Carbon Tax Continues to Percolate in Washington

Carbon Tax Continues to Percolate in Washington

This year marked the third year in a row that policies to reduce greenhouse gas emissions were considered by the Washington State Legislature. In 2017, several bills called for putting a price on carbon emissions via the imposition of a carbon tax with revenues used to support programs related to climate change. While none made it into the final House or Senate budget proposals, their use as a budget negotiation tool kept them alive right up to the final days of the Legislature’s third special session as the Legislature searched for ways to pay for increased spending requirements for public schools.

The most likely vehicle was sponsored by Rep. Joe Fitzgibbon, chair of the House Environment Committee and a Democrat from Burien and West Seattle. His bill, HB 1646, was a broad-ranging carbon tax proposal supported by the Alliance for Jobs and Clean Energy, a green/labor coalition joined by some businesses. HB 1646 called for the state to use carbon tax revenues to help communities disproportionately affected by flooding, drought, wildfires and other effects of climate change; people suffering from pollution; and low-income individuals who would not otherwise have access to clean energy sources. It also sought to buffer the effects of job losses in places such as Anacortes and Ferndale, where petroleum refineries are located. Finally, it called for the state to invest in projects to reduce emissions.

Supporters of a carbon tax were clear with legislators that if the lawmakers didn’t act, they would. Accordingly, the Alliance for Jobs and Clean Energy has begun organizing support for a November 2018 ballot initiative to put a price on carbon emissions and use the more than $1 billion generated per year to build industries like wind and solar; provide support to workers impacted by the transition to a clean economy; ensure communities hit hardest by climate change receive their fair share of investments; and provide assistance to families with lower incomes so they have access to affordable, clean energy.

This effort hopes to correct mistakes made during a similar campaign in 2016, when voters rejected I-732, a referendum to create a statewide carbon tax. A major reason for I-732’s failure was fierce controversy among environmentalists over how the tax’s revenue should be used. The measure was designed to be revenue neutral, with extra money raised from the carbon tax used to lower the state’s sales tax and to fund a rebate for low-income families. However, some environmental and social advocacy groups felt that some revenue from the tax should be used to fund clean energy investments and other social and climate-related projects. For this reason, some groups ultimately decided not to support the legislation – resulting in significant confusion among voters.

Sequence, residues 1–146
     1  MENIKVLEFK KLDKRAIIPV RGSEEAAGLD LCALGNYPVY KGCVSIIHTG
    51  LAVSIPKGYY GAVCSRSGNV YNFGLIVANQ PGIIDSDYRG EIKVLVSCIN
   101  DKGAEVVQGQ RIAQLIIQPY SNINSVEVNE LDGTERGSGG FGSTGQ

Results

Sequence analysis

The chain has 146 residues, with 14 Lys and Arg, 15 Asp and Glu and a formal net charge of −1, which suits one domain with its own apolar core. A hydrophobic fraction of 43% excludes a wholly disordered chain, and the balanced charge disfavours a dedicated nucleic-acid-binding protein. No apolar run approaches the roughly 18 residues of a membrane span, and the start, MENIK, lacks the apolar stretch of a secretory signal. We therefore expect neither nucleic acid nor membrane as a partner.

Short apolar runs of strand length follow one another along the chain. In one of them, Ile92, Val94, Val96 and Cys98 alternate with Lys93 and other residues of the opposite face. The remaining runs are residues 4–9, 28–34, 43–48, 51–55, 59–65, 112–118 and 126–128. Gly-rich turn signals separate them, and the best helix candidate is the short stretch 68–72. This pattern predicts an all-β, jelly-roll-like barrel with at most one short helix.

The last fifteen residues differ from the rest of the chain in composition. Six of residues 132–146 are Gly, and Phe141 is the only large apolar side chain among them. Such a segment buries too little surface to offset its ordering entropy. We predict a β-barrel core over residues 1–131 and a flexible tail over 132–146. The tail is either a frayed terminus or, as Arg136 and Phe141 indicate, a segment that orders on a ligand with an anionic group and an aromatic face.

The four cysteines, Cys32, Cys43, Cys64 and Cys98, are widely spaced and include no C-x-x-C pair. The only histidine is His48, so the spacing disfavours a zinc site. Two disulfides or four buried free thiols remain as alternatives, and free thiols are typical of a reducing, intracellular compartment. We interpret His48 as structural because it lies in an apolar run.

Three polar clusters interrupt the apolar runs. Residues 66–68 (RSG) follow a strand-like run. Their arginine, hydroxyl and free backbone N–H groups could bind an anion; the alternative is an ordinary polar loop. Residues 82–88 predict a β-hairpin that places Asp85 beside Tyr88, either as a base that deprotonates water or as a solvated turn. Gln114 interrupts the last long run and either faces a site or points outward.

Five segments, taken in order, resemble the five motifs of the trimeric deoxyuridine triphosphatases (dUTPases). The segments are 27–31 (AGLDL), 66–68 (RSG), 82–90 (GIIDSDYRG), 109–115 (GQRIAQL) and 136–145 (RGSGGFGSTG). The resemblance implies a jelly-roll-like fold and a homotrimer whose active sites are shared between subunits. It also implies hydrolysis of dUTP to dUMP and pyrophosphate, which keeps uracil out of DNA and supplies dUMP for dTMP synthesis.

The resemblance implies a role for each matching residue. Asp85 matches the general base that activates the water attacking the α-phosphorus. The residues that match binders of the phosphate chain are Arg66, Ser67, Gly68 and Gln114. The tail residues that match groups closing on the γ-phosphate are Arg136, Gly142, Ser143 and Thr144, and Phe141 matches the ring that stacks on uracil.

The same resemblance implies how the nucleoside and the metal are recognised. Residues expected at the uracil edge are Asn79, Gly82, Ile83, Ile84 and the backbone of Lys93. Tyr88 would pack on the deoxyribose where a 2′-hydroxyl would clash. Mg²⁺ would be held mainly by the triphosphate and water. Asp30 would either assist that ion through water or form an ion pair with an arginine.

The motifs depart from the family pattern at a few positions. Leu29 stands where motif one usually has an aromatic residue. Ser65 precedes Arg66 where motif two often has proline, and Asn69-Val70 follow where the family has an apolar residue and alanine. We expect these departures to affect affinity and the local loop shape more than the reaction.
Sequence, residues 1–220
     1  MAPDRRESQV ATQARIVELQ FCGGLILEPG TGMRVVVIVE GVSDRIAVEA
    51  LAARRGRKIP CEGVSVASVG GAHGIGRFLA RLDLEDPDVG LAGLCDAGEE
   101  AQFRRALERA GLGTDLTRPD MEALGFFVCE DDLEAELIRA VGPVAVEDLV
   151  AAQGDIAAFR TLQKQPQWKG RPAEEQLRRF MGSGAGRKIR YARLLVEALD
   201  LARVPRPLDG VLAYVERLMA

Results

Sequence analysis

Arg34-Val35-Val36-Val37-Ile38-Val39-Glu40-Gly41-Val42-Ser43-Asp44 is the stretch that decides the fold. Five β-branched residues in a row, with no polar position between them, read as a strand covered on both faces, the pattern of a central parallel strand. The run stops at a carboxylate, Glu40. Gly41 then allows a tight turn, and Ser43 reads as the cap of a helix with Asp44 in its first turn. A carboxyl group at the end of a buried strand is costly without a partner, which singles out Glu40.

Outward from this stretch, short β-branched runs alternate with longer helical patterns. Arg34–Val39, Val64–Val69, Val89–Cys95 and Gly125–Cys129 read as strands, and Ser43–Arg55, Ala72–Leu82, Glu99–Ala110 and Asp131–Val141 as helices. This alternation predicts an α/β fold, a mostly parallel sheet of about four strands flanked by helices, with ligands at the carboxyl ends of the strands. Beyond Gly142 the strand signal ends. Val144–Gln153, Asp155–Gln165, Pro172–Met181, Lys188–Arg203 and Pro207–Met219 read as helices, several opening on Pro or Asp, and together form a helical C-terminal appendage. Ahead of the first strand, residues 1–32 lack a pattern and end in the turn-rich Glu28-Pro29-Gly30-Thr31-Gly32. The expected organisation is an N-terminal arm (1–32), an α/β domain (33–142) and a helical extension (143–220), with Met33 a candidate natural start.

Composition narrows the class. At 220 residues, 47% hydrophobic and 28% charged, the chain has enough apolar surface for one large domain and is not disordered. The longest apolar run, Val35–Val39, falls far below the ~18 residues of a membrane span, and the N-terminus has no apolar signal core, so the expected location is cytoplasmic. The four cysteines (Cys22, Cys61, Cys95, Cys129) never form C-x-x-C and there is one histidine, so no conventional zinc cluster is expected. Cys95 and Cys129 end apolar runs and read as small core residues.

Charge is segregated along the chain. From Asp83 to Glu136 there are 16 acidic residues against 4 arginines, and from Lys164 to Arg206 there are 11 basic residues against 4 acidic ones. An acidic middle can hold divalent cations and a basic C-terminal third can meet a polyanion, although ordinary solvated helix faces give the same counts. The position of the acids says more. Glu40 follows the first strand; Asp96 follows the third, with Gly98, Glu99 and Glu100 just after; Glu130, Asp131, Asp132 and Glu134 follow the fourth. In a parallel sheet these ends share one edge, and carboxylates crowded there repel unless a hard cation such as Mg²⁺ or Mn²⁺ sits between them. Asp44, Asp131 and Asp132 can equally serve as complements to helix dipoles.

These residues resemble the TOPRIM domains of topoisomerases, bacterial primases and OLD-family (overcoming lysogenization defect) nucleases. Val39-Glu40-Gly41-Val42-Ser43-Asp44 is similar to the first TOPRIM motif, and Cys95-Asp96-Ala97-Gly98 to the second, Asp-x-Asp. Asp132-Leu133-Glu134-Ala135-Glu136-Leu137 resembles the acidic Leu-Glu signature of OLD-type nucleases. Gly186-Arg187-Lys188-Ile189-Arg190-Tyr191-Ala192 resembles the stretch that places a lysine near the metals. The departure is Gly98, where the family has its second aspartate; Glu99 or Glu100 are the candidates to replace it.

AIA Washington Council is monitoring the specifics of these and other proposals as the language evolves. We will work to shape provisions that provide for better options related to energy use reductions during building design and renovation. Meanwhile, we will continue support stronger energy codes as a primary method for the state to reduce energy use in new building construction and energy retrofits.

Coalition-Building: Zero Net Carbon Building Alliance

AIA Washington Council is a founding member of the Zero Net Carbon Building Alliance, a Washington state coalition working to scale up adoption of zero net carbon buildings (including energy retrofits) for all. This effort will engage thought leaders and policy makers while pursuing the adoption of market catalysts such as financial incentives, competitive city/state grant programs and code requirements for zero net carbon buildings. The goal is to increase the number and type of zero net carbon building related incentives and policies adopted by cities, counties and state government and by increasing the number of zero net carbon buildings permitted and/or built. AIA member Zack Semke of Nicholson Kovalchick Architects chairs the Alliance’s Steering Committee and Action Task Force. Kirsten Smith, AIA Washington Council Manager of Advocacy, also serves on the Steering Committee and Action Task Force.

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